SHIFT – Transformative Change and Indigenous Arts

The only way to get change is not through the courts or—heaven forbid—the politicians, but through a change of human consciousness and through a change of heart. Only through the arts […] can we really reach each other.

― Leslie Marmon Silko (Laguna Pueblo)


The SHIFT – Transformative Change and Indigenous Arts program supports artist and community-driven projects responding to social change issues through a Native lens. The program focuses on efforts that are built upon community cultural assets, resilience, and strengths and draws increased attention to Native communities, perspectives and challenges, shifting a national narrative of invisibility, misunderstanding and misappropriation. SHIFT provides invaluable resources for project development, production and presentation for the artists and their collaborators.

Following extensive research and strategic planning, SHIFT refocuses NACF’s programmatic efforts to embolden Native artists and stakeholder voices, to nurture their brilliance, to draw upon the resilience of our ancestors, to uplift the innovative spirit in our Native communities, and ultimately to foster education and healing for ourselves and our allies. NACF understands that the work of Native artists is critical to the greater contemporary arts discourse, the stewardship of our planet, and equity in our greater society. SHIFT then builds a more intensive body of support to lift constraints and provide crucial time and space for the realization of the artists’ work in partnership with other collaborators.

The program includes multi-year services for Native artists, cultural practitioners, and community partners, and allows for artists to consider more expansive projects and broad-based platforms for community engagement and presentation, while continuing to drive essential conversation on national and global issues.

We encourage artists who have experience developing projects that are focused on engaging communities and the public to address community issues; building upon community strengths; and partnering with organizations to develop and present the work to apply.

Click here for more information about the SHIFT program’s eligibility, application process, criteria, and FAQ.


Native Arts & Cultures Foundation is grateful for the generosity of our growing circle of supporters. Thank you to the following in support of our national programs this year:

Arnerich Massena
C8 Charitable Fund at Schwab Charitable
The Cotyledon Fund
Del’s Kids Family Fund of Oregon Community Foundation
Engaging the Senses Foundation
The Ford Family Foundation
Ford Foundation
James F & Marion L Miller Foundation
The Maxwell/Hanrahan Foundation
The Nathan Cummings Foundation
National Endowment for the Arts
Open Society Foundations
Rasmuson Foundation
Ronald W. Naito MD Foundation
Ruth Foundation For The Arts
Tides Foundation
W.K. Kellogg Foundation
The William H. Donner Foundation, Inc.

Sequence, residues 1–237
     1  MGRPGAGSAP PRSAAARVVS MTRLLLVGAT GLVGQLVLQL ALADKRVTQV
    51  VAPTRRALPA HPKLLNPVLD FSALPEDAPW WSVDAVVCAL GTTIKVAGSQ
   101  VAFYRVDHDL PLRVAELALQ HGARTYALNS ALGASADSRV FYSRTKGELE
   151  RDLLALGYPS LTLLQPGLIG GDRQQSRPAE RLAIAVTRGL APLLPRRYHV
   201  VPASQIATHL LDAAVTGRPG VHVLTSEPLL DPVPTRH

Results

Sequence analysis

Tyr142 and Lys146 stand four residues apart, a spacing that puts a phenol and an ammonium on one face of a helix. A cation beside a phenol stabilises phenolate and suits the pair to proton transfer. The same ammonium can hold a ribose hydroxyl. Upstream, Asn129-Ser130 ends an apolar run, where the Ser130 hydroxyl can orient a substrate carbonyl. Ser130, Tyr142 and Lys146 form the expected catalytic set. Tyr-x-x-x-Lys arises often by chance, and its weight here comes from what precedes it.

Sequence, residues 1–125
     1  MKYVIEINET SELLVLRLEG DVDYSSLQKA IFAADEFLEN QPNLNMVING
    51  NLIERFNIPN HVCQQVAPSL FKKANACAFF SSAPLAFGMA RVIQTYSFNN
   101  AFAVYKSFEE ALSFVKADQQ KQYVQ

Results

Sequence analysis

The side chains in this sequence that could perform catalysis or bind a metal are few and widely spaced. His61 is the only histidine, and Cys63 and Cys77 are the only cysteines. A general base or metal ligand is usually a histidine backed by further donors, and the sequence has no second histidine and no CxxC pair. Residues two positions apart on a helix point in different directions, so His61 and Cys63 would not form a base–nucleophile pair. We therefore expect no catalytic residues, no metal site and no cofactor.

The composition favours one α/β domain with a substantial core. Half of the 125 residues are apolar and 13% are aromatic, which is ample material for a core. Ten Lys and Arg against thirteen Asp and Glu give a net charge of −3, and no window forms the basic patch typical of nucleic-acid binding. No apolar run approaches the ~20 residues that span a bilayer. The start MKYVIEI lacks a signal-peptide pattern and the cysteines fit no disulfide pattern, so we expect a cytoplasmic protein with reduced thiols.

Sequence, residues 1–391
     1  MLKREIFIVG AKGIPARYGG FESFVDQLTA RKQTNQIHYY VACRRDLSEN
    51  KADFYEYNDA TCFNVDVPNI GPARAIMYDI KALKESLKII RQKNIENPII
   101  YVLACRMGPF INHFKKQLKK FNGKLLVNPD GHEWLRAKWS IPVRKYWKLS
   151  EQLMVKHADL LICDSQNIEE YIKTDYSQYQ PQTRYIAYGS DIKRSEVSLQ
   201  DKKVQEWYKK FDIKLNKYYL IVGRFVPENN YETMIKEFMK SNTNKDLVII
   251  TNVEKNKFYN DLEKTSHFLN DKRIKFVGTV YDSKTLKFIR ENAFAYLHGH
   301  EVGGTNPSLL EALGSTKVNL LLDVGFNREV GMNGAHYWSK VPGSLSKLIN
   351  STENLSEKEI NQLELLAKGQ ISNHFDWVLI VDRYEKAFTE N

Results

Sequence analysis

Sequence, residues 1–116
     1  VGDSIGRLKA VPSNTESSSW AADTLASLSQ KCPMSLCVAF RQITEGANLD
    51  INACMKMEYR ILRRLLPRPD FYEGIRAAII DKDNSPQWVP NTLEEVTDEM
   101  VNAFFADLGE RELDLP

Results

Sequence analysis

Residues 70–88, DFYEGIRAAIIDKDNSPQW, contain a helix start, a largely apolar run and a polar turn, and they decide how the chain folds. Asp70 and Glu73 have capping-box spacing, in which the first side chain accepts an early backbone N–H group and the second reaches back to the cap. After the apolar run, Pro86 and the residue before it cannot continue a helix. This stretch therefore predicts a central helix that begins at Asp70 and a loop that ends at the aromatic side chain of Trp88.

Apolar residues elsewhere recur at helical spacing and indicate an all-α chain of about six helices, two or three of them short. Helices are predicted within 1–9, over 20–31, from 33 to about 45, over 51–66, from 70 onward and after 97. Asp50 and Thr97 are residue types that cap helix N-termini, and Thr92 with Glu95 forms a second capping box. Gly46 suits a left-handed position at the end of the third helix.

Will Wilson (Navajo) was awarded a 2011 NACF Artist Fellowship in Visual Arts.

Will Wilson

Will Wilson is a photographer whose imagery deals with complex environmental and social issues, Native identity, and the juxtapositions of the past, present, and future.


Stephen Qacung Blanchett

Stephen Qacung Blanchett is a performing artist, a culture-bearer, an art and culture educator, and an advocate for equity and inclusion.


Sabra Kauka

Sabra Kauka is a cultural practitioner and teacher on Kauai, fostering the sustainability and perpetuation of Native Hawaiian traditions by sharing her knowledge with future generations.


Rosy Simas

Rosy Simas is a transdisciplinary and movement artist who creates work for stage and installation.


Michael Begay & Raven Chacon

Michael Begay is a Navajo composer of chamber music, experimental sound, Native American flute, and metal music. Raven Chacon works at the crossroads of contemporary classical music, visual art and installation, using conceptual graphic scores that underpin his compositions.


Raiatea Helm

Raiatea Helm is one of Hawaiʻi’s preeminent female vocalists and keeper of the Hawaiian falsetto tradition (“leo kiʻekiʻe”) of the early to mid-20th century.



Postcommodity is an artist collective at the sharp edge of multi-disciplinary arts practice, interrogating systems and institutions with a wide array of methodologies and conceptually-based work.


New Red Order

New Red Order is a public secret society whose video and performance deploys a blend of satire and sincerity, toward dismantling ongoing effects of settler colonialism.


Moses Goods

Moses Goods is an actor, storyteller, playwright, and one of Hawaii’s most prominent theater artists.


Lily Hope

Lily Hope is a preeminent Chilkat weaver whose work includes advocacy, mentorship, and the empowerment of Native women.


Larissa FastHorse

Larissa FastHorse is a theater maker and performing arts advocate, illuminating Indigenous processes of artmaking, storytelling, and perspectives on contemporary Native life.


Emily Johnson

Emily Johnson is a land and water protector and an activist for justice, sovereignty, and well-being.


Drew Kahuʻāina Broderick

Drew Kahuʻāina Broderick is an artist, curator, and educator whose work explores the intersection of Native/non-Native cultures and identities within a vexed sociopolitical climate.


Ciara Lacy

Ciara Lacy is a filmmaker whose work centers on points of pressure in the Native Hawaiian community, such as incarceration, houselessness, and the needs of children.


Anna Hoover

Anna Hoover is an activist, artist, writer, director, and filmmaker who produces documentary, fiction, and art films focused on her home state of Alaska.